ISTANBUL.- Pera Museum
presents new exhibition And Now The Good News, bringing together a comprehensive selection of works from the Annette and Peter Nobel Collection. The exhibition focuses on the dialogue between art and the mass media, taking the invention of the printing press in the late 18th century and the formation of periodic journalism in the 19th century as a starting point. And Now the Good News: Works from The Nobel Collection brings together around 300 works of Press Art by significant artists such as Alberto Giacometti, Aleksandr Rodchenko, Andy Warhol, Andreas Gursky, Jenny Holzer, Bedri Baykam, Barbara Kruger, Christo, David Hockney, Dennis Hopper, Elmgreen & Dragset, Fernand Légér, Georges Braque, Henri Cartier-Bresson, Joseph Beuys, Özlem Günyol & Mustafa Kunt, Le Corbusier, Malevich, Man Ray, Mayakovski, and is on view through August 7, 2022 at Pera Museum.
Suna and İnan Kıraç Foundation Pera Museum welcomes Spring 2022 with a comprehensive selection of works tracing the relationship between press and art. Comprised of Annette and Peter Nobels Press Art Collection, And Now the Good News exhibition is curated by Christoph Doswald. The exhibition discusses the most critical issues in science, culture, and politics in the last 150 years, and reveals the important changes occurred in the last 20 years and their impact on the press art.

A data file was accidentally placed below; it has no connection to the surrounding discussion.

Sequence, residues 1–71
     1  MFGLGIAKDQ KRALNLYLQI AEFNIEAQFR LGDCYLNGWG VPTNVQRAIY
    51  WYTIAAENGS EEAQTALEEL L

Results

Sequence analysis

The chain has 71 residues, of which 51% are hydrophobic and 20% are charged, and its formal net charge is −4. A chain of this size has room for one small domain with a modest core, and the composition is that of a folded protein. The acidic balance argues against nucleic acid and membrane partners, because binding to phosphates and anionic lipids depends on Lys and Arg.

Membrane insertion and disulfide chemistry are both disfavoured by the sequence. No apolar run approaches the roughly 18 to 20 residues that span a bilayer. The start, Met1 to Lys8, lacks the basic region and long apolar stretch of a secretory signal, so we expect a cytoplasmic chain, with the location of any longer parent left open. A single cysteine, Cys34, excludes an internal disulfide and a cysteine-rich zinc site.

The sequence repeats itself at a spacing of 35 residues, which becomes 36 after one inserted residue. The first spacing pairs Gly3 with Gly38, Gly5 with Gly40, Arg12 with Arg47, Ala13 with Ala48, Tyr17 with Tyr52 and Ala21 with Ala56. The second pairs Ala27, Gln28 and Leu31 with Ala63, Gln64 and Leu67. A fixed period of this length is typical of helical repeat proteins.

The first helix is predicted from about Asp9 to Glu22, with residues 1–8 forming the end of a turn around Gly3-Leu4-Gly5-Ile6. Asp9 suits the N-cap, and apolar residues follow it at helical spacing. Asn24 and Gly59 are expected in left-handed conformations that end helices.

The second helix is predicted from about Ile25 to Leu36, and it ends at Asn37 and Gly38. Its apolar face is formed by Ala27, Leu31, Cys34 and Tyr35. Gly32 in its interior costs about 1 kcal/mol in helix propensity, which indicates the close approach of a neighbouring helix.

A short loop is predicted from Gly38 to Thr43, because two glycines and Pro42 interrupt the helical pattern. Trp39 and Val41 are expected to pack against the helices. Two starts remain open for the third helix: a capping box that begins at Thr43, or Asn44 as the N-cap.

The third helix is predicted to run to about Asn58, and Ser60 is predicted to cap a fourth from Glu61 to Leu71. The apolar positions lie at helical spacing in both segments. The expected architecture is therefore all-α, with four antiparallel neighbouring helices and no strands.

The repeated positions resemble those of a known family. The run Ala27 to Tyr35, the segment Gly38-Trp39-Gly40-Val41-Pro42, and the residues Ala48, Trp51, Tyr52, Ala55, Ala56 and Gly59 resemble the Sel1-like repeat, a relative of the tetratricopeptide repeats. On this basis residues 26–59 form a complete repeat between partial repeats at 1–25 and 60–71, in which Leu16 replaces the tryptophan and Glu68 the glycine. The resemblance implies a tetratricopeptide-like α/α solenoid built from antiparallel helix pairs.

Taking the newspaper as an intellectual starting point, And Now the Good News focuses on the relationship between text and news, how the invention of photography shaped society and the powerful effect totalitarian systems have on mass media. The exhibition highlights turning points such as the peace movement following World War II, the relationship between media industries and consumer culture, and the critical media discourse that emerged in arts in the wake of globalization. It also depicts the transformation of concepts such as gender, religion, and ethnicity in art and media, as well as the development of social media society.
Around 300 works by 164 artists
And Now The Good News: Works from The Nobel Collection features around 300 works by 164 artists who have used a variety of media such as painting, photography, collage, drawing, installation, and video, such as Alberto Giacometti, Aleksandr Rodchenko, Andy Warhol, Andreas Gursky, Jenny Holzer, Bedri Baykam, Barbara Kruger, Christo, David Hockney, Dennis Hopper, Elmgreen & Dragset, Fernand Légér, Georges Braque, Henri Cartier-Bresson, Joseph Beuys, Özlem Günyol & Mustafa Kunt, Le Corbusier, Malevich, Man Ray, and Mayakovski. Annette and Peter Nobel, who have brought together the works that allow the viewer to track the most significant periods of modern and contemporary art, say Firstly, technical fascination, then the intellectual scope and finally the change played a role in our decision to collect press art. It is astonishing how many artists have temporarily, incidentally or repeatedly used newspapers as a basis for their works, even painted from newspapers or even designed them themselves. This is a conscious act and can be seen as a call to deal aesthetically with everyday phenomena. Art becomes a symbolic living world.
Credibility of the media and the autonomy of art are being put to the test